Q. My husband and I weren't Christians when we married. But I'm a Christian now, and he isn't. He doesn't like that I believe in God. We seem to butt heads all the time and our marriage is tense. I'd love for my husband to accept Jesus. What should I do?
A. Many have walked this path before you and many have seen their spouse, over time, give their life to Jesus. When someone becomes a Christian, their enthusiasm can cause them to say and do things, with the best of intentions, that can alienate and offend those they love most. Rather than seeing Christ in their spouse, the unbelieving partners see someone who, before Christ, loved them the way they were but now will only really love them, as they see it, if they convert.
While being married to an unbelieving spouse can be a long and discouraging road, it doesn't have to be a lonely one. Get into a women's Bible study so you can be encouraged by other godly women, solicit their prayers on your behalf, and find a woman who can mentor you in this part of your journey. She can help you be more objective in finding ways to reflect and model Christ to your husband.
God has given you a unique opportunity to live as Christ to your husband. But also God has given you a profound laboratory to learn how to love your husband with the unconditional love that characterizes God's love for you. Scripture even gives you great hope in this area: "Wives accept the authority of your husbands, even those who refuse to accept the Good News. Your godly lives will speak to them better than any words. They will be won over by watching your pure, godly behavior" (1 Peter 3:1-2, NLT).
My Husband Has Lost Interest
Q. My husband and I just celebrated our first anniversary—but the honeymoon ended long ago. He's so detached. He doesn't want to talk, we spend most of our time doing separate things, we argue more than ever, and he's lost interest in me sexually. He says he can never do enough to make me happy, so he's stopped trying. When I try to talk about it, he just gets upset. I'm desperate for things to change. What can I do?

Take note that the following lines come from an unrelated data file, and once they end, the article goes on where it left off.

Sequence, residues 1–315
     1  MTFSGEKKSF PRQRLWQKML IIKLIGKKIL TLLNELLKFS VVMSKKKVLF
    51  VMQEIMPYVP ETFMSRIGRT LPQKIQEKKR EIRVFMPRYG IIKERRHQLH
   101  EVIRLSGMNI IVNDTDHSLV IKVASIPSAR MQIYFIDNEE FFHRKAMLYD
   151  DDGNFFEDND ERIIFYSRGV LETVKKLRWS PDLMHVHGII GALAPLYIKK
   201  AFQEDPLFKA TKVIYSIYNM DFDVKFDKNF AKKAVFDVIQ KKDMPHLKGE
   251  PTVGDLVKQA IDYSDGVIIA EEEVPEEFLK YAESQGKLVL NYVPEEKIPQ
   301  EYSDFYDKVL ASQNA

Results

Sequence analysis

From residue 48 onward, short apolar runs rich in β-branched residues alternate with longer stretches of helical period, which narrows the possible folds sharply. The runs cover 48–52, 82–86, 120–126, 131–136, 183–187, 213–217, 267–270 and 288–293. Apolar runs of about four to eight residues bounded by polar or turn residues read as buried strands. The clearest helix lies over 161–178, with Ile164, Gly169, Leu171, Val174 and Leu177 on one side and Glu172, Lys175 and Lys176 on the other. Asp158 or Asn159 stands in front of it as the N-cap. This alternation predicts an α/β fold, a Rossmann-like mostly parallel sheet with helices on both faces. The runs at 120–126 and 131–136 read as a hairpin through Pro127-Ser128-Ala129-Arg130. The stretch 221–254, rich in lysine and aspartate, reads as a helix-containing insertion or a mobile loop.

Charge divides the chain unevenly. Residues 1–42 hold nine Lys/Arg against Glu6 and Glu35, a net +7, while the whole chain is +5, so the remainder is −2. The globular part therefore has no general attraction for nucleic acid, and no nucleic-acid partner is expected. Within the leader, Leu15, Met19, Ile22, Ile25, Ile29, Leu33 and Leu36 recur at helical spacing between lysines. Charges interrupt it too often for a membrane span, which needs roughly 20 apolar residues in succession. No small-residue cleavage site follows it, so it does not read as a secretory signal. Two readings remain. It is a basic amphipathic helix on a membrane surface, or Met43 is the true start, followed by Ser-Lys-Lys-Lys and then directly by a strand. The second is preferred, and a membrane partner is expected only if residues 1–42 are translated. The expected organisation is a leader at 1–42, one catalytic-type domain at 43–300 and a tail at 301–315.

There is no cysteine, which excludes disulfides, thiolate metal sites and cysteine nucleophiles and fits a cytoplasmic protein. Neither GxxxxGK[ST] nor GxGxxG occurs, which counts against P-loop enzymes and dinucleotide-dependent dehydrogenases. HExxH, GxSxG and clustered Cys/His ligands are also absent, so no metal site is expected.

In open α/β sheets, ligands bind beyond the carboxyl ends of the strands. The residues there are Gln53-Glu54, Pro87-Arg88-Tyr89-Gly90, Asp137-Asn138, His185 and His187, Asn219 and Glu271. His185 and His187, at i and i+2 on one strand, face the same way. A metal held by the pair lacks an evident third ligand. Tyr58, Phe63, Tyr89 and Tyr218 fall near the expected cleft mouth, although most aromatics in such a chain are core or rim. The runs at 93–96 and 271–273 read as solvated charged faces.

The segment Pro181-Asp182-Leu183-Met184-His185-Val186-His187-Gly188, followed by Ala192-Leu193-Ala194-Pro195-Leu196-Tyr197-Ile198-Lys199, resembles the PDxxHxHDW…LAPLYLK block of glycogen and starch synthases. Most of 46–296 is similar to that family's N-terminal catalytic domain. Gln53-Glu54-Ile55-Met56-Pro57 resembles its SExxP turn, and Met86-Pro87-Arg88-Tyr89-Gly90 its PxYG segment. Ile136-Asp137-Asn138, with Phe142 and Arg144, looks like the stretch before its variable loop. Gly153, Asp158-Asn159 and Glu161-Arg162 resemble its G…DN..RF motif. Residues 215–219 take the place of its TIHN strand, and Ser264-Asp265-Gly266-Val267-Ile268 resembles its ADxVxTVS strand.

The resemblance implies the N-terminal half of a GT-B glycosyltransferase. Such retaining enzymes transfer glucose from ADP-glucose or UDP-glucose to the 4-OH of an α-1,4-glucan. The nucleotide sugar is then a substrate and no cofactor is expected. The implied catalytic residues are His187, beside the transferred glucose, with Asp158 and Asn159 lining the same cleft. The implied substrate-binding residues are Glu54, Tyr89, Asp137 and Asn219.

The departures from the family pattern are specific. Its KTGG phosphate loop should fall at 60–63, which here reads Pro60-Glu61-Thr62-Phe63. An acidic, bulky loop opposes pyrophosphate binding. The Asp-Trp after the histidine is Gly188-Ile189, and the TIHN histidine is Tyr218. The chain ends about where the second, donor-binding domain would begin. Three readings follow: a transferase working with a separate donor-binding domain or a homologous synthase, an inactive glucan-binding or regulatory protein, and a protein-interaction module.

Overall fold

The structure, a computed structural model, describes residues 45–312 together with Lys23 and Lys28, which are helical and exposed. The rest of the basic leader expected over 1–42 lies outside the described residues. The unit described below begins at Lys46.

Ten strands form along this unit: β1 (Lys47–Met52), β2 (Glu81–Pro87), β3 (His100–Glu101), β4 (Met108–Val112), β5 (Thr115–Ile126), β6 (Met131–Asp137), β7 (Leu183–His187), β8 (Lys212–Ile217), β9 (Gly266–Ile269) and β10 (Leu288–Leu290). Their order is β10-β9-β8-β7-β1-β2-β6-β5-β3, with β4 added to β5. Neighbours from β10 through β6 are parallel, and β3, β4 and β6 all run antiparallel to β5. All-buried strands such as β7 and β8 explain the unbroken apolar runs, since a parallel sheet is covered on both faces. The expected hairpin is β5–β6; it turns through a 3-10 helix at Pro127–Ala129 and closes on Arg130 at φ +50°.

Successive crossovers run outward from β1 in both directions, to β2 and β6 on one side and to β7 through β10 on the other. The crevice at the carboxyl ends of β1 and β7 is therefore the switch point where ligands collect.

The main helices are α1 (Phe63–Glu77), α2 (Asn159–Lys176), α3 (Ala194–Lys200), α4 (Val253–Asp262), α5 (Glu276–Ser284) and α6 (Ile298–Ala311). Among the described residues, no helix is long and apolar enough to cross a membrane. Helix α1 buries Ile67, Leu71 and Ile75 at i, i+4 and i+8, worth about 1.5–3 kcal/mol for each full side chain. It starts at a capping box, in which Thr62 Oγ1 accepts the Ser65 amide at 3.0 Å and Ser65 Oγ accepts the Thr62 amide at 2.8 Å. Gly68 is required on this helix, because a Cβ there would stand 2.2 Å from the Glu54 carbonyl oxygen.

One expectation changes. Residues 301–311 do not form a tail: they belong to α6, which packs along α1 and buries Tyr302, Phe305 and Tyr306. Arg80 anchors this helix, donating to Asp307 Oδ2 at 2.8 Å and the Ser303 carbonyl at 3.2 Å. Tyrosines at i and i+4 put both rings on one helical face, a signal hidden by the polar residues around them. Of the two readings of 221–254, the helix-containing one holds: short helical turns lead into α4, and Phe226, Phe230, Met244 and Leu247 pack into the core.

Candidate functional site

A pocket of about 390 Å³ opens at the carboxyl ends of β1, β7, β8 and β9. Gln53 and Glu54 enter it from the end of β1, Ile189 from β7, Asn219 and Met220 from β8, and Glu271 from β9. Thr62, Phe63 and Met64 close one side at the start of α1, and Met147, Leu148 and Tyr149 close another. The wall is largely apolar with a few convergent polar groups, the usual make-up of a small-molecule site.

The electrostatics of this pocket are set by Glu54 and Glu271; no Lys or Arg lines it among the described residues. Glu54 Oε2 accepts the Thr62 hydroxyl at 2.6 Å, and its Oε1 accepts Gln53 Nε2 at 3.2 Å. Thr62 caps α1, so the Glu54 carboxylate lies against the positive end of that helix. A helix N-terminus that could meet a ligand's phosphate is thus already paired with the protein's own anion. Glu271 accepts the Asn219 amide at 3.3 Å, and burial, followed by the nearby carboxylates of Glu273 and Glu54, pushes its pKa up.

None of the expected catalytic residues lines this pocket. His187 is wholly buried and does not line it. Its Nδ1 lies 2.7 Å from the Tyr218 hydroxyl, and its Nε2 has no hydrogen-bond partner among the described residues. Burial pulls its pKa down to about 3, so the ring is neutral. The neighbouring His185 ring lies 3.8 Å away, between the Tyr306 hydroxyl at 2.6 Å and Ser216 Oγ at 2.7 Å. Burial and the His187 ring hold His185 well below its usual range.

A. Unfortunately, many couples find themselves in similar situations. It's a far cry from your dreams at the altar and a far cry from what God designed marriage to be.
There may be several contributing factors to your problem.
If your husband's more of an introvert and you're more of an extrovert, you have two different ways of communicating, problem solving, focusing, and recharging yourself. Learning about personality types really helped us understand each other better, and we know hundreds of couples who've benefited from learning how to understand and value their partner's uniqueness.
It also sounds as if you've gotten into the pursuer/distancer dance. It's a common dance for many couples, without them even knowing it. In this dance, Partner No. 1 (usually the more extroverted one) approaches Partner No. 2 (usually the introverted one) with a desire to chat and relate. That seems harmless enough. But when Partner No. 2 isn't ready to chat and goes into his or her cave, Partner No. 1 goes in after them. The more one pursues, the more the other distances, and after a few rounds you've perfected a dysfunctional and mutually frustrating dance.
You say you're desperate for change. Do you really mean that? Are you desperate enough to make a unilateral decision to change, regardless of what he chooses to do? Are you desperate enough to start every morning for the next 30 days reading 1 Corinthians 13, the "love chapter," and asking God to help you apply it in your marriage? Are you desperate enough to stop focusing on how your needs aren't being met and concentrate on how you can apply the New Testament in your marriage—especially the verses that talk about serving, building, nourishing, cherishing, encouraging the other person?
Many have found this simple approach a helpful first step. Give it a try. Once he sees you changing "the dance," he may be more willing to discuss what's really going on within him. And he may become more willing to change his attitude as well.
Second Place to Her Father?
Q. My wife's 92-year-old father moved in with us three years ago after his wife died. While it's a blessing for my father-in-law and my wife, I'm struggling. My selfish side sees me as second place to her father. We have little private time and few dates. We do most everything together—at Pop's speed. How do I see my way through this circumstance?